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M.L. Toys
KidsWheels
Gruber
HobbyMasters
M.L. Toys
KidsWheels
HobbyMasters M.L. Toys
Gruber
KidsWheels
Need new motors? Grind a gearbox? Adding teeth to a pinion?
#148431
I have retrofitted both gear motors from a Kidtrax BMW car to a beach cart I'm building. I only need the slow speed, 2.5 mph, or something close to that. Wired in series, I get the slower speed, but one motor runs slow, and almost stops when off the ground. I understand from what I've read that this is normal. How can I be sure both wheels are pulling when on the ground with a load? I just want to make sure both wheels are pulling for better traction through loose sand. Will always running the motors at slower speed cause them to burn out faster? Very simple set up, I only need FWD & slow speed for treks down the beach and back.
#148434
running motors wired in series is like a limited slip differential. One tire grabs hard and the other tire will spin. Motors wired in parallel are like positive traction differentials. Both tires spin at same speed no matter what. The only thing you can do to limit speed is either choose a gearbox that runs at your desired rpm or run at a voltage that suits your speed. a variable throttle is a good option for your needs.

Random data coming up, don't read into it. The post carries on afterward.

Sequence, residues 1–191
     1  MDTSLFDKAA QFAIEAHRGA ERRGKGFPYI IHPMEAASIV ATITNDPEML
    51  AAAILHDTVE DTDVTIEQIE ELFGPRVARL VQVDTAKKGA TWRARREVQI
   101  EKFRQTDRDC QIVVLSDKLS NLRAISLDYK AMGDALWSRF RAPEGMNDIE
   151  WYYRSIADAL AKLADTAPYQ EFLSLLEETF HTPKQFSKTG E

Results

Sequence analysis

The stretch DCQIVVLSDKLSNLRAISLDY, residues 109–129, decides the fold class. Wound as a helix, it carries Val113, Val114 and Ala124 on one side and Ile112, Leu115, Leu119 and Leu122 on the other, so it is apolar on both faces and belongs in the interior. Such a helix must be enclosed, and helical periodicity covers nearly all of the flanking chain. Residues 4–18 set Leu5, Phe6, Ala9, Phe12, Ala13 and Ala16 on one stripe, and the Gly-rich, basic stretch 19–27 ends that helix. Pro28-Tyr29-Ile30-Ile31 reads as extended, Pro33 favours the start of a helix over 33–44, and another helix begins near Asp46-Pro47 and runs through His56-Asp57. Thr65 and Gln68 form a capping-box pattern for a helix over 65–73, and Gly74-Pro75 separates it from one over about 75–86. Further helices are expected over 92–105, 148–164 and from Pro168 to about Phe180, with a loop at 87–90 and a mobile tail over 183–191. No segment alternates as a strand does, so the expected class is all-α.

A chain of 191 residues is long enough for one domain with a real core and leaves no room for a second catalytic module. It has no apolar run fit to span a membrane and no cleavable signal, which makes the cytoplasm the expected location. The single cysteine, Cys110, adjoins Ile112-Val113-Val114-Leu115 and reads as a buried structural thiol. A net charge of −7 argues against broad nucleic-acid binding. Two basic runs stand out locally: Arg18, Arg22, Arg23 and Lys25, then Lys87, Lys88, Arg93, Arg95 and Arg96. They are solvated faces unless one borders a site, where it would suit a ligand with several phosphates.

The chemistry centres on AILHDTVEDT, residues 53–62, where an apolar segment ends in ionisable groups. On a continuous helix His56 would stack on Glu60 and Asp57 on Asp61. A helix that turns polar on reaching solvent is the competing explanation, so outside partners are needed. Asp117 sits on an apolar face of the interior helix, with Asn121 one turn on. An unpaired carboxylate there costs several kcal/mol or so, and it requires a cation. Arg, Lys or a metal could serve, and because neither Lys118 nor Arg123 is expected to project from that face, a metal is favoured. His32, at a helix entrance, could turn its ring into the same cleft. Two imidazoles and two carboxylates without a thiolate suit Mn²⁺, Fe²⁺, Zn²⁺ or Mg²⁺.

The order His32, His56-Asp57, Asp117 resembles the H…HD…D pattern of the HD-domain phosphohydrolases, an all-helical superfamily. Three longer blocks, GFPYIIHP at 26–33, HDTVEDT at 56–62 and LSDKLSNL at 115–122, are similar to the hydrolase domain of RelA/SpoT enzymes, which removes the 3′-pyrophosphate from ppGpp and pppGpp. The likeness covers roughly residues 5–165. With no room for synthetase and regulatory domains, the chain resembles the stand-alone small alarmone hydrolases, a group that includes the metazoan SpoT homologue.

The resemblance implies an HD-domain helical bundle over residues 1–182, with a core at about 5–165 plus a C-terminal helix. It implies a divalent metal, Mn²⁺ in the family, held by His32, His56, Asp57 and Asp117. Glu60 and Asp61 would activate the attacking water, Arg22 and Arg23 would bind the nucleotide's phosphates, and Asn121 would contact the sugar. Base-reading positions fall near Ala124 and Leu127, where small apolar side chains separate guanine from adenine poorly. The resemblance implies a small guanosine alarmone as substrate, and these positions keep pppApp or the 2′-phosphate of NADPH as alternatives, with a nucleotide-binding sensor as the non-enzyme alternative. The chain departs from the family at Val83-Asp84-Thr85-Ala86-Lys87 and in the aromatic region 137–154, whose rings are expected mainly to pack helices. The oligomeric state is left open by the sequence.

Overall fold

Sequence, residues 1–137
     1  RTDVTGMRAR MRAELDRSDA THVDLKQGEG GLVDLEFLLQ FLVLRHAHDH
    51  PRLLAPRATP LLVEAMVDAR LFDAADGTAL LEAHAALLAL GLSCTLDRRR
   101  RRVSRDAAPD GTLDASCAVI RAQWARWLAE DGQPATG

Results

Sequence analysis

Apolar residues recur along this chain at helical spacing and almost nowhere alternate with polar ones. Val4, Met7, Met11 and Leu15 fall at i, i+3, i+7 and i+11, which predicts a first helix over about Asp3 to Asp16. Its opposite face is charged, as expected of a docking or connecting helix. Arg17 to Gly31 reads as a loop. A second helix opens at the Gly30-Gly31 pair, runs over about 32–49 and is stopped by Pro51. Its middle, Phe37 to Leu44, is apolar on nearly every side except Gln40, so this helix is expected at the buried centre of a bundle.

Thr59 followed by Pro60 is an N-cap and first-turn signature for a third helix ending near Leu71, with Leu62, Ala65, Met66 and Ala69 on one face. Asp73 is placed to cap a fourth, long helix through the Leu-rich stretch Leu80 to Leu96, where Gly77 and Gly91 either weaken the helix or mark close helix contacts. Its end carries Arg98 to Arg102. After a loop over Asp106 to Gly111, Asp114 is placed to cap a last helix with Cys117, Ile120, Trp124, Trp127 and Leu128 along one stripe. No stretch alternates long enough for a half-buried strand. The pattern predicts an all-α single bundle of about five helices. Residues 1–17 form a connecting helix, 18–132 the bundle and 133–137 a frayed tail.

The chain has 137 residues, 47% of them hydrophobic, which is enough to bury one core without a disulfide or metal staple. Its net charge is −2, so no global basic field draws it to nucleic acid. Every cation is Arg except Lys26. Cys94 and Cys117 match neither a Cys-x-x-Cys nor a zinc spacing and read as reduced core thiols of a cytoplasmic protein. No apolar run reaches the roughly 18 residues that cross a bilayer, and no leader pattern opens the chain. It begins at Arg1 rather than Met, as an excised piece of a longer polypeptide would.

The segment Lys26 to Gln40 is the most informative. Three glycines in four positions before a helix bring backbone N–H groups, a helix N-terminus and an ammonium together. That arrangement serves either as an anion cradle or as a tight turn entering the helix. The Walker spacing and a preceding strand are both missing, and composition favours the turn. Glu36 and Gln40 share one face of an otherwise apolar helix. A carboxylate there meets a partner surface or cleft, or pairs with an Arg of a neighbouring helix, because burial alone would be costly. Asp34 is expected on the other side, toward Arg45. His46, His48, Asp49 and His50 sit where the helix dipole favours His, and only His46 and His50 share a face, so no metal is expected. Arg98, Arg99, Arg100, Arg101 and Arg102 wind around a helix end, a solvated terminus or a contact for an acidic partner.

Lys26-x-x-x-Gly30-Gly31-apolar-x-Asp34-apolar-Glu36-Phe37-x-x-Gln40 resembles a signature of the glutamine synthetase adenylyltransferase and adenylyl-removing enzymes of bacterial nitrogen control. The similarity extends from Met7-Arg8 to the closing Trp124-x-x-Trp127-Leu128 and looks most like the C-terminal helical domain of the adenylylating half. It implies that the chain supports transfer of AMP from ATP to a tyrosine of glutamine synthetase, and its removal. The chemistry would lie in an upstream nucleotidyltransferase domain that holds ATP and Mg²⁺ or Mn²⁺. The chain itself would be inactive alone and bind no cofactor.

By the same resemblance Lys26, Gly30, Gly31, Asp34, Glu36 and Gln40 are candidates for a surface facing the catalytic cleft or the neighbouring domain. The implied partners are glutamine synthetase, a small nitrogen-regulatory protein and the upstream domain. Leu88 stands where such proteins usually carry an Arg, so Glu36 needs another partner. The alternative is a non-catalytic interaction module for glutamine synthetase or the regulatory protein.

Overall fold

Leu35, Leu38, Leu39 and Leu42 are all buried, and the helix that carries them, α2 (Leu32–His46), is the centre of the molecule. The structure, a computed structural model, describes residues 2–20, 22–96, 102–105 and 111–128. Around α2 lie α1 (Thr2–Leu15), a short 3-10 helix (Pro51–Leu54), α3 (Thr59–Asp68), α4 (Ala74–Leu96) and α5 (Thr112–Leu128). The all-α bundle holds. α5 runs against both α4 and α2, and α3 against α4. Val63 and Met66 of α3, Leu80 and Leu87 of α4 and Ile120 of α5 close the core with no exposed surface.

#148435
I'd call it akin to an open differential.

Regardless, if you want the motors to run slower but both always get the same voltage (which is the closest thing to something like a posi-trac), you will have to keep them in parallel and either retrofit lower-speed motors OR run a lower voltage to them. You could use a PWM controller or a strong buck converter to reduce the effective average voltage. However, doing this reduces the maximum amount of torque you can get and if your goal is for it to be self-propelled across sand or other high-drag surfaces this may not be that great.

If you went to a high-turn motor with a 8-10,000 RPM speed @ 12V, you'd get 2.5-3mph and likely retain more of the torque. For instance, this one: https://www.robotshop.com/en/rs-775-motor-7000rpm-12v-7613oz-in.html

The stall torque is a little over 2x that of the stock motor, and the speed is a little less than half. I don't know what size wheels you're using, but it would do ~3mph with a 22T gear (in a 21-22-23 gearbox) and 15.5" tires, and it would have a bit more torque than the stock Hurricane (15-tooth) gearboxes do.

There are better choices (I'd target 10-12k rpm), so that's just one example.
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